Further confirmation that overcapacity in polysilicon production will continue to force prices lower comes from a new report from IHS iSuppli. According to the market research firm, total polysilicon production capacity is expected to reach 328,000MT in 2012, an increase of 15% from 285,000MT in 2011. However, this contrasts with expected demand this year of 196,000MT, a decline of 4% from 205,000MT in 2011.

The result is an overcapacity calculated to be 132,000MT in 2012, compared to 80,000MT in 2011. IHS iSuppli said that polysilicon supply would exceed demand by 67% in 2012, up from 39% in 2011.

“Following major declines in 2011, the PV industry is in for another round of major price erosion in 2012, as polysilicon production runs far ahead of demand,” said Dr. Henning Wicht, director and principal analyst for photovoltaics at IHS. “Spot market pricing for polysilicon plunged by 65 percent in 2011, marking the largest correction the market has experienced since early 2009. This year is expected to bring another 56 percent reduction. All this will have an impact on pricing for solar modules and systems as well, adding to the woes of the industry in what is already expected to be a challenging year. These developments are likely to lead to long-term changes in the way polysilicon is bought and sold in the PV industry.”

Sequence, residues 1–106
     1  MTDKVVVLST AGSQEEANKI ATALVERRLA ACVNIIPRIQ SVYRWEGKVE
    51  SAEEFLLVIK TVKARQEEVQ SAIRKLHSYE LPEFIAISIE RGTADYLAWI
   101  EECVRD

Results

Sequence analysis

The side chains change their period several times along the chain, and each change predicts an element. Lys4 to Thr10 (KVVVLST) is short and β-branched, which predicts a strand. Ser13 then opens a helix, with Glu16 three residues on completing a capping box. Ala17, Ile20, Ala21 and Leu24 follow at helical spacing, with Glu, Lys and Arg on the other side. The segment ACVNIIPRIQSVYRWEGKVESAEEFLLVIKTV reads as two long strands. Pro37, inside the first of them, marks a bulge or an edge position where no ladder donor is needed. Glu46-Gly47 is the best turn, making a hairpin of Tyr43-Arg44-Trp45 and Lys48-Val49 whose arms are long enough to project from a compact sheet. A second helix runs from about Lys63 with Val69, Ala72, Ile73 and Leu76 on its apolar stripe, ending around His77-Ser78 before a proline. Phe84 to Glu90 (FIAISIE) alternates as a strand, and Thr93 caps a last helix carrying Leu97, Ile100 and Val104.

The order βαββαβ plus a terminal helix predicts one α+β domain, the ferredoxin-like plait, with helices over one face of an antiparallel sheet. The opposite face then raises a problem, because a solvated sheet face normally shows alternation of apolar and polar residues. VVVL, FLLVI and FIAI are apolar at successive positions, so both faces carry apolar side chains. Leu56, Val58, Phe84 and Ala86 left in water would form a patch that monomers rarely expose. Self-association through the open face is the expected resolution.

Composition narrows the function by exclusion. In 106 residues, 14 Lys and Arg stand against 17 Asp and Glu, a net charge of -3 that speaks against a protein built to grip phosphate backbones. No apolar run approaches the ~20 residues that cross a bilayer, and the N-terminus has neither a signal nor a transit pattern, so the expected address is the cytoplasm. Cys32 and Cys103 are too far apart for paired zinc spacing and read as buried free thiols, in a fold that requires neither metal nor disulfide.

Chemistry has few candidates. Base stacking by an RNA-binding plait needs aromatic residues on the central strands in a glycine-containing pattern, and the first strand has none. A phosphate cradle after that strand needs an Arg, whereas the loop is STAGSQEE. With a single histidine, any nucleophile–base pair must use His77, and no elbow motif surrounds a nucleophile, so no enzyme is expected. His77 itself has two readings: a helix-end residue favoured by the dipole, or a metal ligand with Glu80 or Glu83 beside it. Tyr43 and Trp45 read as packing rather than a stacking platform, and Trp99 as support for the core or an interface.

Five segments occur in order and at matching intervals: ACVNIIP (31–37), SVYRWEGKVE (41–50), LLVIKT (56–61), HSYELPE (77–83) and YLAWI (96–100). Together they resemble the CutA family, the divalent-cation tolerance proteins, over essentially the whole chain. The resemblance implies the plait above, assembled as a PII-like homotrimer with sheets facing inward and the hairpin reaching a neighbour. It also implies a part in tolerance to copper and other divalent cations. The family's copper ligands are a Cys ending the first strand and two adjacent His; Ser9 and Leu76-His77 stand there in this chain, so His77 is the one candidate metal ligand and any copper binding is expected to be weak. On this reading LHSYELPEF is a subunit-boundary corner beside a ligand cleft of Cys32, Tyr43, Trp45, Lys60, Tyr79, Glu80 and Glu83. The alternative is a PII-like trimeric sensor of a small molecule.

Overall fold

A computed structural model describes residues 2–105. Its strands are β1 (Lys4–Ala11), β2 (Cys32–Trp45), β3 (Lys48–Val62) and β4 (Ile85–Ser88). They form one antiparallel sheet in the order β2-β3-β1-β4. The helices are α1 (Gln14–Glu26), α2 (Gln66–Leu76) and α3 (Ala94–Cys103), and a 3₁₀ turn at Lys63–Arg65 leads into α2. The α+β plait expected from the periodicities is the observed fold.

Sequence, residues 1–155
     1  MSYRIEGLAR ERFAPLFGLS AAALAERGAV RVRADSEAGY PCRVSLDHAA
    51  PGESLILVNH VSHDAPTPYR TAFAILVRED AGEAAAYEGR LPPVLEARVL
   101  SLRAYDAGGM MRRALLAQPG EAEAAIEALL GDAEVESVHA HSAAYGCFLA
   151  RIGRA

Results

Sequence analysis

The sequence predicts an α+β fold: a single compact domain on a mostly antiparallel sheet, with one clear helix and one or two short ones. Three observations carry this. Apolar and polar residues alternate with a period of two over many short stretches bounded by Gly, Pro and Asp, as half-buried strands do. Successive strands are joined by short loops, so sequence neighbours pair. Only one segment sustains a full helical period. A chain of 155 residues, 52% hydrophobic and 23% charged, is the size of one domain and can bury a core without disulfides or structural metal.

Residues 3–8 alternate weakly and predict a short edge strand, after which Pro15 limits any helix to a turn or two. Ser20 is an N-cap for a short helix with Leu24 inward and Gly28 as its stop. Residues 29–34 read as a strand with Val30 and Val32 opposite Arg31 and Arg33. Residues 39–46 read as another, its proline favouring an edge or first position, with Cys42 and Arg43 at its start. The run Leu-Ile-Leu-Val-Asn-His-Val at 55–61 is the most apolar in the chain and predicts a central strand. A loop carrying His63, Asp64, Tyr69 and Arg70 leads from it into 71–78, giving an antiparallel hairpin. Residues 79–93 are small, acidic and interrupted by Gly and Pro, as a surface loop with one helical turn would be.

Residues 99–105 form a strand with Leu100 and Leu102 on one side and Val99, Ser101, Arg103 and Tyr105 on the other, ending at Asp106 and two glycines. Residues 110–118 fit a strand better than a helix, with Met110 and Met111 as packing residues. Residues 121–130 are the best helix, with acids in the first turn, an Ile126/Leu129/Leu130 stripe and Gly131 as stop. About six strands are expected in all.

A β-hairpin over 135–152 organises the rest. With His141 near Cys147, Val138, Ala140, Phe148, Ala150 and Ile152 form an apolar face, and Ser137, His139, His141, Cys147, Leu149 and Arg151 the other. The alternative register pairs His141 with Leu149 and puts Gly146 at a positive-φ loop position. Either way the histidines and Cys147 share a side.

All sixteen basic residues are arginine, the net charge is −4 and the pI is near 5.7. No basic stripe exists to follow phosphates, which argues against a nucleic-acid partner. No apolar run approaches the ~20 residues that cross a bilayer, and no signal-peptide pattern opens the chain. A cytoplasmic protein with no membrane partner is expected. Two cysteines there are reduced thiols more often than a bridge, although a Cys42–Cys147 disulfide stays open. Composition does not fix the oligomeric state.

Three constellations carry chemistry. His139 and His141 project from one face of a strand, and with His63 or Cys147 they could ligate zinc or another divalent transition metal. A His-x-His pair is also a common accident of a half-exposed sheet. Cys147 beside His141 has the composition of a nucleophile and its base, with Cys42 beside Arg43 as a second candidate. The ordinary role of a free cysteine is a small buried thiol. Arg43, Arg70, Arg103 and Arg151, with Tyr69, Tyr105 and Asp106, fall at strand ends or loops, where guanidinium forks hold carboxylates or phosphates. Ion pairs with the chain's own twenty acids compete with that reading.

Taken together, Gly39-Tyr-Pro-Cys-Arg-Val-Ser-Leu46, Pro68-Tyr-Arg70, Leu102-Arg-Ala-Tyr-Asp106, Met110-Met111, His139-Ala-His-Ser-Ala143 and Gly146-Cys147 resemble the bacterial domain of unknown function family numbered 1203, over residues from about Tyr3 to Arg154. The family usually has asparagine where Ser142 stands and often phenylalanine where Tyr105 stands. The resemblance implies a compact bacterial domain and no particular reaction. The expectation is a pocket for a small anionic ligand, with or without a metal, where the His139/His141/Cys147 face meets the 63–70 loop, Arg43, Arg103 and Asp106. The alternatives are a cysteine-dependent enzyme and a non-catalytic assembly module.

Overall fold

According to its IHS iSuppli Polysilicon Price Index (IPPI) product offering, spot prices in 2012 are expected to reach lows of US$22 per kilogram by the end of 2012.

However, the supply/demand imbalance is said to start correcting in 2013, with pricing forecasted to settle at around US$23/kg by the end of 2013.